St. Paul Sandwich

St. Paul Sandwich

St. Paul Sandwich


People are usually better in the abstract.

It’s a line from “Orange is the new black” and one that stuck with me because it’s spot on, especially concerning my online dating exploits.

I’m concluding my sandwich series with one that I’ve been anticipating making for over a year – the low-brow St. Paul Sandwich. Called the St. Paul, but created in St. Louis, and not even available in St. Paul (go figure), it a piping-hot egg foo young patty (how 1960’s!) with lettuce, tomato, zingy dill pickle slices and unctuous mayonnaise, all sandwiched between pillowy-soft, Wonder-style, white bread. It’s dirt cheap and the perfect foil after a night drinking.

This was to be my sandwich magnum opus. But alas, my St. Paul sandwich is…also better in the abstract. I took two bites, plucked out the egg foo young and pitched the rest in the garbage. Perhaps they’re better in St. Louis.

St. Paul Sandwich

St. Paul Sandwich



Please, Stare at Me Ucomfortably

Chocolate Cherry Bars

Chocolate Cherry Salted Caramel Squares

I should have stayed home and played with the kittens. The night would have been more satisfying. But, instead of staying put, I shaved my legs, whitened my teeth, and switched glasses for contacts – all for another dud of a date.

Isn’t it the rule on a first date that each person is mutually responsible for maintaining the conversation? Instead, I sat with someone who answered my questions willingly, but only asked one question after fielding ten of mine. For me, the gift of gab does not come easily on a first meeting, yet I was solely responsible for the mind-numbing conversation (can I even call it a conversation?). Otherwise, we would have found ourselves blinking, mute, with nothing to break the tedium. He divulged the intricacies of his family’s various residences, his kid’s ages and hobbies, where he’s traveled, and what his younger brother likes, does and where he currently lives. Two questions were asked of me in kind.

The effort to keep the conversation moving was beyond my skills. At one point, towards the end of the lackluster night, he remarked that I appeared ‘distracted.’ I’m afraid he caught me daydreaming about my escape.

Next (again)…

Chocolate Cherry Salted Caramel Squares (because I deserve it!)

150 gr.  butter (softened)
50 gr.    sugar
25 gr.    brown sugar
½ t.      salt
½ t.      vanilla
1          egg yolk
185 gr.  All- purpose flour

227 g.  Salted Caramel Sauce **
170 gr.  Tart Dried Cherries
Cherry Juice or Cranberry Juice
57 gr.    sliced almonds
85 gr.   dark chocolate, chopped

Make Shortbread Crust
Preheat oven to 375 degrees. Line a 8×8 baking pan with two layers aluminum foil with an overhang to help remove the cookies. Grease foil with cooking spray. Cream butter and sugars to form a paste (not until pale and fluffy). Add salt and vanilla and combine. Add egg yolk and combine. Scrape down as needed. Add flour and mix until dough just comes together. Do not over-mix or too much gluten will form and base will be tough. Press into bottom of baking pan and just slightly up the side (to stop filling from oozing). Bake for 15 minutes, or until slightly golden around the edges.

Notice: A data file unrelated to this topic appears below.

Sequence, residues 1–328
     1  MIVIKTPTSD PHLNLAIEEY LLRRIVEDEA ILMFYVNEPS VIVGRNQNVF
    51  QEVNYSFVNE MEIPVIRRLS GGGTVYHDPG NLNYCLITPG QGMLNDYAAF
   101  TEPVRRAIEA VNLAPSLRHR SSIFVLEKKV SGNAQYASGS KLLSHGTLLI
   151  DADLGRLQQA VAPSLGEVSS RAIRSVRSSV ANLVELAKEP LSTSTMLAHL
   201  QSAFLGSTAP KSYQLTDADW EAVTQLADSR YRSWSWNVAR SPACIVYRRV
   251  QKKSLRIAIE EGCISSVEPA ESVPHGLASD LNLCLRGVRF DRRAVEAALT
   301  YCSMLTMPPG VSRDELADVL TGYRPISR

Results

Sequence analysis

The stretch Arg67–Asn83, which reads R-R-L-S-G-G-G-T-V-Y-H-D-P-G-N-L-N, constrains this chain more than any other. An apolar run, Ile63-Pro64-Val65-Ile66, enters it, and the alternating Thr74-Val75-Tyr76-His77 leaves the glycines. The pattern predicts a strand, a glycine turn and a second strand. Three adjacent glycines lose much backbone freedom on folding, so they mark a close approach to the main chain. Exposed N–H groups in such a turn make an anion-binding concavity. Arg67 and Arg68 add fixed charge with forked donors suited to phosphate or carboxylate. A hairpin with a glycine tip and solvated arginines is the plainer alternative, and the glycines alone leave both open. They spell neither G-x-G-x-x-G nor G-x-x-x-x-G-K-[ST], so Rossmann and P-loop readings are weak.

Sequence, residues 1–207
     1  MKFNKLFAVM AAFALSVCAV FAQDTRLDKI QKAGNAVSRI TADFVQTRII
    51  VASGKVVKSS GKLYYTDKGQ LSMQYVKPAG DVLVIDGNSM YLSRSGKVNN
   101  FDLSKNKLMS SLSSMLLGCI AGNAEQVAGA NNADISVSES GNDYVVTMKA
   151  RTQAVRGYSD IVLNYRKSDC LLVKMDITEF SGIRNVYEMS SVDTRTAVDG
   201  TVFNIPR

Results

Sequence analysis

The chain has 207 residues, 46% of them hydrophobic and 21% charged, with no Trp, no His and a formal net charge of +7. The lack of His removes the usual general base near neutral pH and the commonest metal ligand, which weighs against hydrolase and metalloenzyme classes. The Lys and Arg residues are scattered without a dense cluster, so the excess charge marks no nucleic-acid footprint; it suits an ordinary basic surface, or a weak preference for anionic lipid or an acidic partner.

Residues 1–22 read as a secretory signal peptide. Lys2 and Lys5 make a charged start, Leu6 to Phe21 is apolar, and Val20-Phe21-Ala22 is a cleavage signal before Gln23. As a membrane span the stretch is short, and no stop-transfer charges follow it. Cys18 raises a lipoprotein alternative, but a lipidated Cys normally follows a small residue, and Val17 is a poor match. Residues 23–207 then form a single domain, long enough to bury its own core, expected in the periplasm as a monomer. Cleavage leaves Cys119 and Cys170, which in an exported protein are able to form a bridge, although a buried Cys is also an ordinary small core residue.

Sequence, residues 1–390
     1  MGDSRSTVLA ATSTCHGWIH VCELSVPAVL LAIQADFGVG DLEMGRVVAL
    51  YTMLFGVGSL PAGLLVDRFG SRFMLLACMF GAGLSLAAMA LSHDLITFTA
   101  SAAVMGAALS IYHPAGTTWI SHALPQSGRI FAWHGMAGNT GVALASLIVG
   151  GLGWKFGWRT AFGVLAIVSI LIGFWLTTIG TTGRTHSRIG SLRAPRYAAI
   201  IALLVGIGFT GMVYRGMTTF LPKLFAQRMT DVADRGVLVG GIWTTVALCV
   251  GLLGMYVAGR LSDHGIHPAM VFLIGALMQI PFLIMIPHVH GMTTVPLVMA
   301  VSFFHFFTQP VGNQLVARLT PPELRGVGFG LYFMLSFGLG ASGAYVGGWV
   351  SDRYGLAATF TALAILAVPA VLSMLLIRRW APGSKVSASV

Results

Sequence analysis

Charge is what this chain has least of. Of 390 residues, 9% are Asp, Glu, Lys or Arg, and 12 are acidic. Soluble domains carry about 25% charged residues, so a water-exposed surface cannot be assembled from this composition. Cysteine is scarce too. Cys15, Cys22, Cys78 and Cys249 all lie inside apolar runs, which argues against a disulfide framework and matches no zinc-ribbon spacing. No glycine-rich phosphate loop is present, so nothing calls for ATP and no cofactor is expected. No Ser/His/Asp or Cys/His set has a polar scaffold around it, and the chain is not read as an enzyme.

Make Topping
Cover dried cherries with juice and heat in the microwave for 1 minute. Let rest 5 minutes to soften cherries. Drain juice and roughly chop cherries. Pour salted caramel over baked crust. Do not allow caramel to overflow down the sides of the pan or you will have difficulty removing the cookies. Sprinkle softened and chopped cherries over caramel. Sprinkle almonds over cherries and return cookies to oven. Bake for an additional 20-25 minutes until crust is light brown, caramel is bubbling, and almonds are slightly toasted.   Remove from oven and sprinkle with chopped chocolate.

Rest cookies on counter for 10-15 minutes to allow chocolate to melt and then cool completely (I put my pan in the refrigerator for 30 minutes). Remove cookies from pan using foil. Cut into 16 squares.

** While store-bought salted caramel sauce will do in a pinch, David Lebovitz’s Salted Butter Caramel Sauce is worth it. His recipe makes 1.5 cups, more than you need. I usually eat the remainder straight from the pan.

One for One

Mac and CheeseThis baking obsession has become a bit much. These past months I’ve churned out a succession of sugary confections (which I’ve also shamefully consumed). I’m placing limitations on my baking habit – henceforth, for every cake, cookie or pastry that enters my oven, I will conversely prepare one savory dish. Does a re-hashed Lagasse recipe count?

Mac and 4-cheeses with Ham
*Adapted from Emeril Lagasse